Once the story pleases the author there is no excuse to launch it into the world without a proper proofing. If a writer feels a full edit isn’t needed, that’s their choice but believe me when I say every published work should first be proofed. There are hundreds of editors—including myself—who offer that professional service at a reasonable price. A thorough proofing is worthy of the energy put into creating the book and respectful of the language and the reader.
Whew! A rant. Thanks for listening.
No! I’m not going to weigh in on the mask vs no mask debate. Really.
I am an inveterate people watcher. Sometimes I go overboard and get caught staring — awkward. Honestly, it’s not you I’m looking at, it’s the potential character the physical ‘you’ suggests to me. I’m pretty sure all writers do that to one degree or another. It can’t be helped. Some people just like a (too) kindly grandmother, or a shifty con man or a fairy princess or a sharkish accountant.
Faces reveal so much, from hidden agendas to unspoken feelings, spontaneous joy to suppressed fury. It’s fertile ground for the writer. Anne Perry uses the reading of facial expressions to heighten tension and create suspense. In her hands it’s a plot device and she’s brilliant at it. Add body language to that and a character comes fully to life. It’s also a great way to stomp down those unwanted dialog tags; showing the reader who’s speaking is miles better than telling.
Just watching the emotional beats revealed on the faces of two friends having coffee can jumpstart a story and the story can shift and morph if I switch genres in my head. (Yep, I start a lot of imaginary tales. It’s more fun than Sudoku.) Narrowed eyes and rigid lips mean one thing in a spy thriller and quite another in a romance. Add the tilt of the head and a clinching of fists and it could work for either the inciting incident or the denouement.
Now most of us are masked and I have to shift my game. We’re all consciously trying to keep a six-foot distance and it makes for some very stilted body language! A woman turned from the pasta aisle just as I was turning in, our carts nearly colliding. That’s a common enough occurrance at the grocery store and usually each party smiles and laughs and maneuvers on their way. I found myself braying an exaggerated laugh, shrugging my shoulders and my “oh sorry” came out a bit over bright. It was the mirror response of this woman. We couldn’t read each other’s faces. An apologetic smile doesn’t do it any longer.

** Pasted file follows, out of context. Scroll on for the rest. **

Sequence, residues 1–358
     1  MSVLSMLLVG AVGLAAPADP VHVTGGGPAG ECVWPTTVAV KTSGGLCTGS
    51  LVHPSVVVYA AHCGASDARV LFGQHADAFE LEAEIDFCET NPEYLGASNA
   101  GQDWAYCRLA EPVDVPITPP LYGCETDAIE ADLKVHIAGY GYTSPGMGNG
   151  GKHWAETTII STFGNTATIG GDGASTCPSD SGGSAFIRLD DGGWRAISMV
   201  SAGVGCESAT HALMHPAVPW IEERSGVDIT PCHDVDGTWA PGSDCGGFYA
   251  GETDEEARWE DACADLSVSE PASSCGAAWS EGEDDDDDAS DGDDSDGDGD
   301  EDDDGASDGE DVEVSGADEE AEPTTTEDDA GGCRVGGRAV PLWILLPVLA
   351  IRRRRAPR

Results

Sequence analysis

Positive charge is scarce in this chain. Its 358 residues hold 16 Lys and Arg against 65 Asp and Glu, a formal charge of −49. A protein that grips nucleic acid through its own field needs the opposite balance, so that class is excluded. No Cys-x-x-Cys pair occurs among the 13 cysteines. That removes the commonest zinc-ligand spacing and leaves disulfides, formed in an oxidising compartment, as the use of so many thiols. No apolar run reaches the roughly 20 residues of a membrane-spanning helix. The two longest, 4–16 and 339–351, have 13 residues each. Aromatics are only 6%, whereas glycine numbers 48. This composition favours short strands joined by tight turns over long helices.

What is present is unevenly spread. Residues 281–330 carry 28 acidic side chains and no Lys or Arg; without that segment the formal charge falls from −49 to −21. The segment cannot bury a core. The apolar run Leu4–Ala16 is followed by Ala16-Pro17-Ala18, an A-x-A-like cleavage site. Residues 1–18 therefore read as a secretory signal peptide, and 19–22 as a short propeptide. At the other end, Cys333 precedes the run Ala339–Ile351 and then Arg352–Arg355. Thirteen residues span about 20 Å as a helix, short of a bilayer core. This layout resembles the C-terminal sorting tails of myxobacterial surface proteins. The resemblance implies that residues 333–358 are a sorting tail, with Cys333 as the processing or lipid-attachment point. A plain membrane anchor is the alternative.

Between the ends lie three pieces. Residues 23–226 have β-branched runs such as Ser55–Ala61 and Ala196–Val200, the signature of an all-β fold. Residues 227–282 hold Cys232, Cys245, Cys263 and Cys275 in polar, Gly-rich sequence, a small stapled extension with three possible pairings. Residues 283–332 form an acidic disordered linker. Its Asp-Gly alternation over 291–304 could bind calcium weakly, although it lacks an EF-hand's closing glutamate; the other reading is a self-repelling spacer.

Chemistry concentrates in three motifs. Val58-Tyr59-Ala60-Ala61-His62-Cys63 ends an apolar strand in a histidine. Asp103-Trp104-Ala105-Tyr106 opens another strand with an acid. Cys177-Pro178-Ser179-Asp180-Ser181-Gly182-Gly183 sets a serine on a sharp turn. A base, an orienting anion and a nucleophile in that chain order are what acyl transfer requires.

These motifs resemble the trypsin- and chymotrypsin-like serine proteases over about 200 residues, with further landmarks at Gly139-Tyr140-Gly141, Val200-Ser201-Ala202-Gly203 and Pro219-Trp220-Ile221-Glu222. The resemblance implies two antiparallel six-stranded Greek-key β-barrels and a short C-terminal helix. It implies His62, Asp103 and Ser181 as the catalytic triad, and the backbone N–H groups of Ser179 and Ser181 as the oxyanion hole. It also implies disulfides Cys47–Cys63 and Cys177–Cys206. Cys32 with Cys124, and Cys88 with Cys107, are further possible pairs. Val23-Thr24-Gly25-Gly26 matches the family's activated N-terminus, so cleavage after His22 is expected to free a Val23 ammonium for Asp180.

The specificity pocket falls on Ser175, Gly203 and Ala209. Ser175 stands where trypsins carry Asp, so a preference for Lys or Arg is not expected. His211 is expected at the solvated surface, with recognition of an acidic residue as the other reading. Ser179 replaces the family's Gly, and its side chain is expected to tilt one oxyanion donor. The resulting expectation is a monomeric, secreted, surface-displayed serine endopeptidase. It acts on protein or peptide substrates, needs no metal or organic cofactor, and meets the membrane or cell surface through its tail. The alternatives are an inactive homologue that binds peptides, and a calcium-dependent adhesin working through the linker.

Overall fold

They say we need to adjust to a new normal. I’m not sure what that’s supposed to mean, but I can imagine all this maskedness and artful distancing will add some very intriguing elements to contemporary fiction. How will strangers meet and grow a romance? Is love at first sight a victim of the pandemic? How will antagonists make use of the fact that with a baseball cap, sunglasses and the compulsory mask one is virtually unidentifiable? Think of the wonderful mix-ups this could lead to. Great fodder for screw-ball comedy. Or great fodder for murder and mayhem.
It will be impossible to ignore Corvid in writing contemporary stories. At the very least it will have to serve as atmosphere, but there are elements of this awful reality that present nearly endless plot possibilities — as nearly endless as this shutdown feels. I can’t wait to read them.
We’re so lucky. The English language is like play dough.
Oh yes, we have strict rules of grammar, tense, POV, all the way to the minutia of intransitive verbs. We can choose from a number of eminent grammar and style guides to ensure conformity. We have stalwart English teachers to drill those rules into our heads so that we are all on the same page. (And bless them all – there is nothing better than order over chaos). But despite those rules a writer has so much freedom to shape our mother tongue into forms wry, brittle, silly, heartbreaking, snarky or just plain mad.
I don’t have much command of any other language; a smatter of German, a soupçon of French, about a third cup of Latin and a healthy plateful of Spanish. But I do know that the rules of those languages are not as forgiving as English — not as much room to roam before you run afoul of the language police. English allows us to mangle all the rules of spelling, meaning, and sentence structure to reflect dialect, or character traits, add color, shift perceptions or mood and anyone with a good command of English can understand — and only pedants ever complain. Of course, you have to use the rules of punctuation. Gotta have those traffic signs.
Anthony Burgess used bits and pieces of Russian mixed with Shakespearian English and other tongues to give us Nadsat, the terrifyingly unique argot of his dark characters in A Clockwork Orange. The reader may have had to work at it a bit, but it was intelligible and colored the story with an unforgettable feel. Fantasy and Sci Fi from J.K. Rowling to Ursula K. Le Guin play with all sorts of mixed up language that become magical words and when you’re reading in those worlds you understand.